Common Good Farm is mom and pop family farm—small, sustainable, certified organic and Biodynamic— located in southeast Nebraska, just 15 miles northwest of Lincoln located near Raymond, Nebraska.It is owned by Evrett Lunquist and Ruth Chantry. Common Good Farm is NOP Certified Organic and Demeter certified Biodynamic®. We have a CSA as well as produce, plant starts, eggs, pastured pork and grass-fed beef on this diversified family farm.
At Common Good Farm, we are committed to sustaining a family farm in Lancaster County, Nebraska to provide delicious, healthful food for our community, however defined and feel we are called to tend the soil, grow the food and love the land, and to help create a healthful community. We grow over 45 different kinds of produce, annual & perennial herbs, vegetable and herb plants for our annual spring sale, as well as pastured pork, beef, and eggs. Biodynamic and organic seed stocks are a priority for planting, with an eye towards open-pollinated & heirloom varieties. Prior to farming in Nebraska, we worked on a community farm/CSA in Wisconsin and Evrett worked on market farms in Minnesota and Nebraska. Ruth hails from Nebraska, so the Nebraska roots and commitment to the area run deep. Our impulse for farming with Biodynamic methods comes from the experience of observation—observing plants as living things, not merely as passive recipients of soil-based nutrients. With Biodynamics, farming is about creating a whole farm as a vibrant entity through the farmers’ impulses. Through it, we, as farmers, develops ourselves as individuals towards serving the land and community through agriculture. Farming this way provides that which is uplifting nutritionally and spiritually for us and for our customers. It is the work we do and our way of life. It is often an unglamorous hard-scrabble way of living, but something we feel called to do—grow good food, pure and simple.Through our farm and how we practice our farming stewardship, we feel strongly that we steward our human, animal and plant communities, while growing and providing the most local, delicious, nutritious foods possible; that we preserve and create wildlife habitats with farmer as land steward; that we maintain a family owned and operated farm that is supported by the community and in turn supports the community with good food and good farming practices and that we are engaging, supporting and helping to sustain the most local food system we can which creates some level of personal sovereignty that isn't part of any industrial food system. At Common Good Farm, we fear transgenic contamination of the crops we grow. This could happen by way of pollen drift, transgenic trespass and seed contaminated with GMO traits. We grow several crops that that could be contaminated in such a way, including beets, Swiss chard, winter and summer squash, alfalfa, and previously flour corn grown for seed. Significant effort on our part has been made to prevent contamination including purchasing organic, Biodynamic seed and non-GMO varieties from companies that abide by the Safe Seed Pledge, as well as purchasing farm land that is relatively isolated from conventionally farmed cropland. With the recent release of RoundUp Ready alfalfa, we fear that alfalfa in our pastures will become contaminated by bees and wild pollinators as some of the alfalfa produces seed in any given year due to long rotational grazing rest periods. We feel strongly and unequivocally that our ability to provide clean, healthful food for people and our own family is impaired by the threat of transgenic contamination and trespass; this trespass cannot be controlled once released, just as wild seeds travel, as bees fly and cross-pollinate plants, dust blows, pollen spreads. We feel that despite every good and conscientious effort on our part, it is undeniable that we are connected within pollen-drift’s reach to those growing transgenic crops. Without the assurance that a corporation’s rights are no greater than (the farmers) our rights to grow as we do, and without solid and real assurance from those purveying transgenic seeds, farmers such as ourselves, farming organically and Biodynamically, cannot farm, grow and live in an environment of oppressive fear of transgenic contamination and trespass. Our first choice would, of course, be no possibility of transgenic trespass at all, but we feel we had no conscionable alternative but to step forward as plaintiffs in the OSGATA et al. v. Monsanto suit in pursuit of the correctness and rightness towards assurances that should transgenic trespass happen on Common Good Farm, no legal action can be taken against us.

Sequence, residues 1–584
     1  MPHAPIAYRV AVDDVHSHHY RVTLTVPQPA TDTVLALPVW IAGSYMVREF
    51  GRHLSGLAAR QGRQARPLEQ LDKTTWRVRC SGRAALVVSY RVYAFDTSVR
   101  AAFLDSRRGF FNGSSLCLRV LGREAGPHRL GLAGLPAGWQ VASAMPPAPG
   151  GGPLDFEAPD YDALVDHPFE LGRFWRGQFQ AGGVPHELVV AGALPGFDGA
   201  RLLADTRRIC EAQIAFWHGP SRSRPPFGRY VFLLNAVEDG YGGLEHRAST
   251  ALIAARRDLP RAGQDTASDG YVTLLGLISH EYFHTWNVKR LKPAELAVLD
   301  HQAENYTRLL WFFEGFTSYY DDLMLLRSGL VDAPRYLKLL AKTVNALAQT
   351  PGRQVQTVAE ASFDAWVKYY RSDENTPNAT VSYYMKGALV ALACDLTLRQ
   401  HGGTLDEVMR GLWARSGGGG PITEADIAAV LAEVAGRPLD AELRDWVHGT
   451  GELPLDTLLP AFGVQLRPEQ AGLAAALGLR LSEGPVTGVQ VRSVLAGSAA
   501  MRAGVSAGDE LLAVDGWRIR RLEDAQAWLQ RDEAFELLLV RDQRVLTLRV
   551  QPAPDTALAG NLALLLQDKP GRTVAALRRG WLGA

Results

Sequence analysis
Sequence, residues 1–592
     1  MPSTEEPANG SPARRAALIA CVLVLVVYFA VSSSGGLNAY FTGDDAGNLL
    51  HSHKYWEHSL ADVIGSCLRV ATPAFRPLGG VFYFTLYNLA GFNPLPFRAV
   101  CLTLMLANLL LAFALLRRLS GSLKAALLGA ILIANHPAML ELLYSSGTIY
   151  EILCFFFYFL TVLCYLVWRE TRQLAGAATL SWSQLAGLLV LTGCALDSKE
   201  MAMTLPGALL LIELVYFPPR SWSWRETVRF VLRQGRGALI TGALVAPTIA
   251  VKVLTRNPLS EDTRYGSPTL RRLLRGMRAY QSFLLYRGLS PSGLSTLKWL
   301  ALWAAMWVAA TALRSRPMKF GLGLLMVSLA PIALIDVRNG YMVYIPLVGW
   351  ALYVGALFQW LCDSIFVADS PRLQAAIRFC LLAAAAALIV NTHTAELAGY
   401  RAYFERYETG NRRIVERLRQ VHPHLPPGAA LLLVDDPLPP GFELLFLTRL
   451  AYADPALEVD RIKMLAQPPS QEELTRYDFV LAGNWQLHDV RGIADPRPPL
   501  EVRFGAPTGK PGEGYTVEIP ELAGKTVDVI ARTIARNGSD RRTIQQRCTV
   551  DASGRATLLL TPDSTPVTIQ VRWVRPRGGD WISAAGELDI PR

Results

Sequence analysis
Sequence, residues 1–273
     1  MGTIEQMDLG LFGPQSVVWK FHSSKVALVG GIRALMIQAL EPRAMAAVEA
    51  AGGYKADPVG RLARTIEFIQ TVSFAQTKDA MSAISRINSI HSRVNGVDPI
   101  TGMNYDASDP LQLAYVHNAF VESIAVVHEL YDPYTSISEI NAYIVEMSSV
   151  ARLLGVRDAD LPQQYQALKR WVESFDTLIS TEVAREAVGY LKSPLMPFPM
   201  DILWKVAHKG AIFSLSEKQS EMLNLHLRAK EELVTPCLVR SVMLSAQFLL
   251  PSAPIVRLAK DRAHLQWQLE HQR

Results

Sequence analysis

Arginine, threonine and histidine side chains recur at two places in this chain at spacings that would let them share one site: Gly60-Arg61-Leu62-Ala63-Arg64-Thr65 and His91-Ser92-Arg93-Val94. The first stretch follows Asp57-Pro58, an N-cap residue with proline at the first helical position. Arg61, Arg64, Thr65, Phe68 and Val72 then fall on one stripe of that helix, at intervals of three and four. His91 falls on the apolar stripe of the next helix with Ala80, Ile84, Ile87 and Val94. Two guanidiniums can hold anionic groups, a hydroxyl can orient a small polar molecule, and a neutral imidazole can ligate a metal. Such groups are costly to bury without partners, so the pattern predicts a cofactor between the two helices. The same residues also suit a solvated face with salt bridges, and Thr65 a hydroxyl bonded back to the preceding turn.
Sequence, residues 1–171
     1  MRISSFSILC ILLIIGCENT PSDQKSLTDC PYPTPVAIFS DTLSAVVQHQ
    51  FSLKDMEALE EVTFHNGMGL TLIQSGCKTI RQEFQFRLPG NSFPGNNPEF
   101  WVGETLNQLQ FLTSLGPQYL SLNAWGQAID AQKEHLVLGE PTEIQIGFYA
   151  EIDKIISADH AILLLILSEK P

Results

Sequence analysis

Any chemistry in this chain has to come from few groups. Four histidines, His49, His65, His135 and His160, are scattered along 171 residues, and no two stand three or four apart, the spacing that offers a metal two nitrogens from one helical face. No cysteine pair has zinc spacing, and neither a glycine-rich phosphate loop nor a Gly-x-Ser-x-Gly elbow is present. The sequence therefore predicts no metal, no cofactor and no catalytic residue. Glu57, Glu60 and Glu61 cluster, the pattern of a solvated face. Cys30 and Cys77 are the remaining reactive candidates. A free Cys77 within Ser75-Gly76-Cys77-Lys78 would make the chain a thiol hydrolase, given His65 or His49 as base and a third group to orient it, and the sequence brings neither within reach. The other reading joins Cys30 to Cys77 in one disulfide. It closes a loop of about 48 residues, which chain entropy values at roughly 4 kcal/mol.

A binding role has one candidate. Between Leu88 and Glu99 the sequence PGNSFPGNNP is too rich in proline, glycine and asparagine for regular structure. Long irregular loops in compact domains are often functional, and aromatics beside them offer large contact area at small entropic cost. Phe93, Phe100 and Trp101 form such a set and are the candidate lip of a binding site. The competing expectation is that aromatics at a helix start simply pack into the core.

“The damage done to our farm and livelihood, should we have transgenic trespass, would be devastating to us. As a certified organic and certified Biodynamic farm, it would be no gain or benefit to us, and truly a great detriment, should there be transgenic trespass on our farm in any way. Our growing food the best way we can and the cleanest way we can, it is no less important, and no less a right, than a corporation’s right to protect their interests that have unleashed themselves against the greater good in an uncontrolled and unmanageable way against humanity and nature.”
—Ruth Chantry, Co-owner, Common Good Farm
“When America's Founders established the U.S. Patent Office, patents were for inanimate inventions. Patent law has been applied so universally that we now have living plants carrying patented technology in their seed, plant tissues and pollen. Patent law needs to catch up to the present reality when patented, transgenic inventions can replicate and spread themselves to places and people that do not want to use or be impacted by the technologies. Ethically, how can I be held liable for patent infringement when I had no hand in acquiring the plant technology, when I do not want to use it, when it came in on the wind or a bee?”